Patterns in Mythology outlines grand dips and swells, the balance always shifting between light and dark; a maelstrom of dissonance and harmony.
“All the wrath of god, none of the salvation.”
Our latest album review variety episode where we dissect some frigid black metal, murky death-doom, progressive sludge, and Dark Souls-inspired black metal.
What starts off sounding unique ends up melding into a memory of every melodic death metal album I’ve ever heard.
After almost two decades of silence, skramz-kings Jeromes Dream kick open their tomb with a brand-new full-length of brutal and beautiful tunes.
What sets Les Grandes Compagnies apart is its timbre. The sonic quality of the music, its overall texture, is so much more welcoming than the slicing distortion and overpowering drums (and sometimes terrible mixing) that are generally indicative of a traditional black metal album.
Grab your makeshift wrenches and welding torches to keep this disheveled crew’s craft afloat as we strike murderous warp speed.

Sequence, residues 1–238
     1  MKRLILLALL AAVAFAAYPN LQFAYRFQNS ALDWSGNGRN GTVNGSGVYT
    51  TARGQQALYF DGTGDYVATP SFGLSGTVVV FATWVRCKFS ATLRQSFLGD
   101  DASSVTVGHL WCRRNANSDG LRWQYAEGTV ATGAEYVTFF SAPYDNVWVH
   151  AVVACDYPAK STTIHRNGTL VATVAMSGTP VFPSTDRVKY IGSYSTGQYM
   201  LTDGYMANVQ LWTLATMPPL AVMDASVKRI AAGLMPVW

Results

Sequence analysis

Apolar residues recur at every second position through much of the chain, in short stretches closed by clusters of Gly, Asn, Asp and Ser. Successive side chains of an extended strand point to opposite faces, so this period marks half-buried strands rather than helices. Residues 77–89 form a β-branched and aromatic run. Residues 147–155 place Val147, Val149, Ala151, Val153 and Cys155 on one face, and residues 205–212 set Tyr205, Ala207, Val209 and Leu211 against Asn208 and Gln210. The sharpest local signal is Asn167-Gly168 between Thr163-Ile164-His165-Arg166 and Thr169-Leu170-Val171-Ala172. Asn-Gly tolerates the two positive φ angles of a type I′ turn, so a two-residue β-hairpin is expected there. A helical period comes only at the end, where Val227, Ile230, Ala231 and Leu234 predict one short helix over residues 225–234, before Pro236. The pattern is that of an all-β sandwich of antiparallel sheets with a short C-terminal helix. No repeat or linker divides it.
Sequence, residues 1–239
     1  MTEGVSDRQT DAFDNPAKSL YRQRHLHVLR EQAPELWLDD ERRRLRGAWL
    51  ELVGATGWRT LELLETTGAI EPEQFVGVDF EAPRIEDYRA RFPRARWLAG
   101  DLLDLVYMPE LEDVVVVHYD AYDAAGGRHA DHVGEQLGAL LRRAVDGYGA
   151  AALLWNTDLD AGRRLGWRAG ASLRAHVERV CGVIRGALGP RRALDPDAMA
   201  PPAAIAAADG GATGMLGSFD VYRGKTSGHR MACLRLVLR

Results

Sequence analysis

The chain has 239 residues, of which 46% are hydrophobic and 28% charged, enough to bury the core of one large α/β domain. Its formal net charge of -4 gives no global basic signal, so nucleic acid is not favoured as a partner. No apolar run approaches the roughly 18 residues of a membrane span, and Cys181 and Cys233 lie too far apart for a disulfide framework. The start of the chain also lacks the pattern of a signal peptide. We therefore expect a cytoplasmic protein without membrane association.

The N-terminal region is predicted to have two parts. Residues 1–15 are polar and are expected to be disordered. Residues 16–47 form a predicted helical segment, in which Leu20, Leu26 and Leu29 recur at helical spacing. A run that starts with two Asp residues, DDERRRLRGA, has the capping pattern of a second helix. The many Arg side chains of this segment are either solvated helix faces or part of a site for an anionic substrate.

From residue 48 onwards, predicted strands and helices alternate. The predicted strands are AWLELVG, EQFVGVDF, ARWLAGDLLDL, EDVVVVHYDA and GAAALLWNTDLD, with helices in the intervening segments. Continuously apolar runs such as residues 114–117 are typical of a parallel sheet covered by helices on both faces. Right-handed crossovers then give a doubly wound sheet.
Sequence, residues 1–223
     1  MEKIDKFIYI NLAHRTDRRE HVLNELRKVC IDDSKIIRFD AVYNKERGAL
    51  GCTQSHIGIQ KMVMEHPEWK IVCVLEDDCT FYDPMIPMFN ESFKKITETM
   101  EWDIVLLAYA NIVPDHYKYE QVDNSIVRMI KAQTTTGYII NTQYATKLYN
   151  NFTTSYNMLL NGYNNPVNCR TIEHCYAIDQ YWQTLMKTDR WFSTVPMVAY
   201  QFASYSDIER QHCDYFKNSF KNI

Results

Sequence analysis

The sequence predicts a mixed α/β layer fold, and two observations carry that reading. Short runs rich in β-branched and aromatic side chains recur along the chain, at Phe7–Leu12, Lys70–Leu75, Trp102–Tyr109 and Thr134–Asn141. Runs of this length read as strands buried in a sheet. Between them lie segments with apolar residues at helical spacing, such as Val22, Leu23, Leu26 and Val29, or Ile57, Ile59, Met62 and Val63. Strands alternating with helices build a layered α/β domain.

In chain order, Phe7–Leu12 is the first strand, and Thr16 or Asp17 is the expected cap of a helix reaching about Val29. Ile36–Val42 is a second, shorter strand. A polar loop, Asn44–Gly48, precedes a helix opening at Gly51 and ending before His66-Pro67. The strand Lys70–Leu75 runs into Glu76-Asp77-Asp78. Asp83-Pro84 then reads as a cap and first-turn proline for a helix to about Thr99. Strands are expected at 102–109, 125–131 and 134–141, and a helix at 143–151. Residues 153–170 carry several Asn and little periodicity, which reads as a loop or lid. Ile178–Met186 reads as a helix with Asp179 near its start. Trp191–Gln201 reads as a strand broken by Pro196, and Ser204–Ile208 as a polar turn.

POUND’s style is a caustic amalgam of doom, grindcore, d-beat, djent, mathcore, sludge, and a smattering of other genre textures. While this blend of sounds on the surface may sound like a trainwreck, the duo effortlessly weaves the core essence of each genre into a rather novel tone.
Advent Varic is the soundscape to catastrophe; gloom, an ever-present and sobering effect.
The Callous Daoboys wield heavy riffs and chaotic compositions on their new full-length, and absolutely demolish my former hatred of the violin.
Be it the soaring melodies grounded by gravelly rasps or the wind-whipped onslaughts of steel crushing bone, Amon Amarth port us to the biting, primitive landscapes of yore and imbue in us a keen sense of valiance and wanderlust.
Ashley Jane (Dysphoria) expounds upon her early explorations of noise and discusses how these experiments eventually culminated into her biting debut album, Salt & Piss.